During its September term, the Illinois Supreme Court heard oral argument in Bowman v. Ottney, a case from the Fifth District which poses the question of whether a litigant can lose its “one free challenge” to the trial judge based upon events in an earlier phase of the litigation, prior to a voluntary dismissal. Our detailed summary of the underlying facts and lower court opinions in Bowman is here.
Bowman began when plaintiff filed suit against the defendant for medical malpractice. The lawsuit continued for four years, with the trial judge making several substantive rulings, and ultimately, the plaintiff took a voluntary dismissal of her action. Five months later, she filed a new action, realleging virtually the same claims. Purely by coincidence, the second action was assigned to the same judge as the first.
The plaintiff filed a motion for substitution of judge under Section 2-1001(a) of the Code of Civil Procedure (735 ILCS 5/2-1001(a).) The defendant objected, arguing that the judge’s substantive rulings in the first case barred the challenge in the new action. The Circuit Court certified a question to the Appellate Court under Supreme Court Rule 308, and the Appellate Court held that courts have the discretion to consider earlier incarnations of the action in evaluating a motion for substitution.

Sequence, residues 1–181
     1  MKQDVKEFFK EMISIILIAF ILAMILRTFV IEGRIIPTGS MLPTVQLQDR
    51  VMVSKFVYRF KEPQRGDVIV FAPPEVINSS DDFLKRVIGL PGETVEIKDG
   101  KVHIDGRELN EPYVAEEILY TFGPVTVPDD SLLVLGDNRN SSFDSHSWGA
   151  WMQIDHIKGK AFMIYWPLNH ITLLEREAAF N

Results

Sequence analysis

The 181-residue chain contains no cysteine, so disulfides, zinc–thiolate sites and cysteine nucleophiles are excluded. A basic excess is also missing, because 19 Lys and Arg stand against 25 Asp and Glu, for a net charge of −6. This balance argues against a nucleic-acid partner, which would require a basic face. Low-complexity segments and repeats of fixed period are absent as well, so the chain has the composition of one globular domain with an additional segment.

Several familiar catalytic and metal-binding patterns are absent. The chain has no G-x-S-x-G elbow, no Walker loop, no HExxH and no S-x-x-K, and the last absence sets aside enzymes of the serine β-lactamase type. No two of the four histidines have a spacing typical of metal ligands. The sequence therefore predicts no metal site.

Counsel for the plaintiff, special administrator for the estate of her daughter, began the argument, suggesting that the case presented an opportunity for a long overdue clarification in a murky area of civil procedure. Counsel argued that because this was neither a divorce case nor a petition for Section 2-1401 relief, every case cited by the defendant was distinguishable. Counsel noted that both cases supporting the view that an earlier version of the action was relevant to a challenge came from small counties, where it was far more likely that a party might get the same judge twice in a row. Justice Karmeier asked whether the second case was a random assignment, rather than an automatic reassignment. Counsel answered that there was no evidence it was anything other than random. Chief Justice Garman asked what the plain meaning of Section 2-1001(a) – “in this case” – was. Counsel said that “in this case” meant the case currently before the court. Justice Theis asked whether there were any differences in the two complaints. Counsel said the distinctions were somewhat cosmetic; the doctor’s employer was a defendant in the first case, and the hospital was not named in the second action. Justice Theis asked whether it was the same cause of action, with the same evidence and issues in both cases, and counsel agreed. Justice Theis noted that the judge in the first action had made two important decisions about admissibility and experts. Counsel said that was so, but the thing was – this was still a new case. Justice Theis asked whether the case had a new number, and counsel said yes. Justice Theis asked whether counsel would have moved to substitute judges if they’d drawn a different assignment, and counsel said no. Chief Justice Garman noted that if the plaintiff had shown prejudice, she could have sought substitution regardless of the first action. Counsel answered that the burden to show prejudice is fairly high, but the plaintiff believes she’s entitled to the automatic challenge. The Chief Justice asked whether the end result was that a litigant who takes a voluntary dismissal has two chances to get a new judge without ever showing prejudice. Counsel answered that parties get only one challenge per filing, and only one chance to voluntarily dismiss – so judge shopping isn’t a problem. No dispositive motion was on file in the case, nor was the action set for trial. The court in Dubina v. Mesirow Realty Development, Inc. said that a newly refiled case after a voluntary dismissal was a new case, counsel argued. Justice Kilbride asked whether counsel had paid a new filing fee, and he answered yes. Affirming the Appellate Court, counsel argued, would effectively overrule the line of cases saying that a newly refiled case was a new case. Counsel also argued that the Court should take the opportunity to formally disapprove the “testing the waters” doctrine. Justice Freeman asked whether there was any significance to the fact that In re Marriage of Kozloff was decided before the most recent amendments to Section 2-1001. Counsel answered that not only was Kozloff decided before the most recent amendments, it was a divorce case. There was no question that a refiled action was the same case in a divorce. Justice Karmeier asked, if the plaintiff had moved to substitute before any substantive rulings had been made, and then taken a voluntary dismissal, and received the same judge on refiling, would the plaintiff need to file a new motion to substitute? Counsel answered that he assumed that reassignments were done by the clerk without the knowledge of the judges.